Native American Tribe Finally Regains Ownership of Big Sur Ancestral Lands After 250 Years

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This comes over 250 years after it was initially stolen from them by colonizers…

But they lived around Santa Lucia Mountains and the Big Sur coast for thousands of years.

The Esselen peoples’ land was taken from them by Spanish colonizers around this time.

And were a landless tribe – until Monday.

They came together with the Western Rivers Conservancy, an environmental group operating in the Northern California area.

Which came at the staggering cost of $4.5 million.

Thus supported the Esselen people in their aims to take back the land they treat as sacred.

“It is with great honor that our tribe has been called by our Ancestors to become stewards of these sacred indigenous lands once again,” Tom Little Bear Nason, Tribal Chairman of the ETMC.

“Directly across the Little Sur River sits Pico Blanco or ‘Pitchi’, which is the most sacred spot on the coast for the Esselen People and the center of our origin story.”

And has first attracted the WRC because of its extreme natural biodiversity.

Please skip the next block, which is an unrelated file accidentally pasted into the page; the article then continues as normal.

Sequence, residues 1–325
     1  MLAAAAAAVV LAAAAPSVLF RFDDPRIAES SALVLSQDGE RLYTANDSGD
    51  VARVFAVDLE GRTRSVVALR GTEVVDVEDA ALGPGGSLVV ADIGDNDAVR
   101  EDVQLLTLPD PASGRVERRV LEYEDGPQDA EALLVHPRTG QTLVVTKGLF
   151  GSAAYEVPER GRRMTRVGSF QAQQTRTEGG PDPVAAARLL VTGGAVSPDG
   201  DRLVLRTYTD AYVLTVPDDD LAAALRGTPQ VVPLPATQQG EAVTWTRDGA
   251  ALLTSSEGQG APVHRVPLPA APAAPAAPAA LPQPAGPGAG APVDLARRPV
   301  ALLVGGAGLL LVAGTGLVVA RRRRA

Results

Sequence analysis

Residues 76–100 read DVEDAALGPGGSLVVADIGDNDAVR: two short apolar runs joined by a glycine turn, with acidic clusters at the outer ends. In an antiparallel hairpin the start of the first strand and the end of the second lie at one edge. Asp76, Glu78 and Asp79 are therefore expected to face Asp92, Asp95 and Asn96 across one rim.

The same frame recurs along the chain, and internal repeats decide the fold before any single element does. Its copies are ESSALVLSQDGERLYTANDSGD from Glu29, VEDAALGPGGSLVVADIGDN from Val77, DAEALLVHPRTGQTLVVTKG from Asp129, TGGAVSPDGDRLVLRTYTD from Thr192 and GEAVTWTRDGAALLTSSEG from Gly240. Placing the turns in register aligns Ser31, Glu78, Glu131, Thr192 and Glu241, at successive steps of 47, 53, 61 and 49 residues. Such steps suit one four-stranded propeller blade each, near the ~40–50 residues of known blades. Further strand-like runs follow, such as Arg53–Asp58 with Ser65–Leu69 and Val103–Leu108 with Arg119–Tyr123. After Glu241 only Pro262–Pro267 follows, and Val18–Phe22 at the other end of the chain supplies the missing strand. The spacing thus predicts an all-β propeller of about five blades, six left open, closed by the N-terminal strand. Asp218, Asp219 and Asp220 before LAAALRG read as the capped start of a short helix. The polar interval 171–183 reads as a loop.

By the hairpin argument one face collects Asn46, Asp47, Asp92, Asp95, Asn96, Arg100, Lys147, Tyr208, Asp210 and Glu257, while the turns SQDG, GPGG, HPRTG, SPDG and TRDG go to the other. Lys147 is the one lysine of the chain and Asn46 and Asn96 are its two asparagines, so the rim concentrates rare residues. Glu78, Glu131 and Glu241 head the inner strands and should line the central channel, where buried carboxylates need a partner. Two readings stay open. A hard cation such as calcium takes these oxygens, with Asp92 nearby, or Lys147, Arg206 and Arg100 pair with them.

The California Condor is known for nesting in the region’s large redwoods.

“These trees will be important for the future effort to assist in redwood survival,” Sue Doroff, president of WRC, shared.

The South-Central California Coast Steelhead is in dire need of conservation, too.

Both parties had to agree not to use the land for any commercial reasons.

Which shouldn’t be a problem for the Esselen people.

The area is also undeniably beautiful, too.

“We are honored to be a part of rebuilding the Esselen Tribe.”

They’re going to construct a village there, which can also be used by other tribes in the surrounding state.

The ETMC wish to use their platform to educate about their culture.

“Getting this land back gives privacy to do our ceremonies. It gives us space and the ability to continue our culture without further interruption,” Nason explained.

Offering positive impacts to the environment and to the Esselen people, too. Want more positive climate news? Keep scrolling for Greta Thunberg’s latest gesture …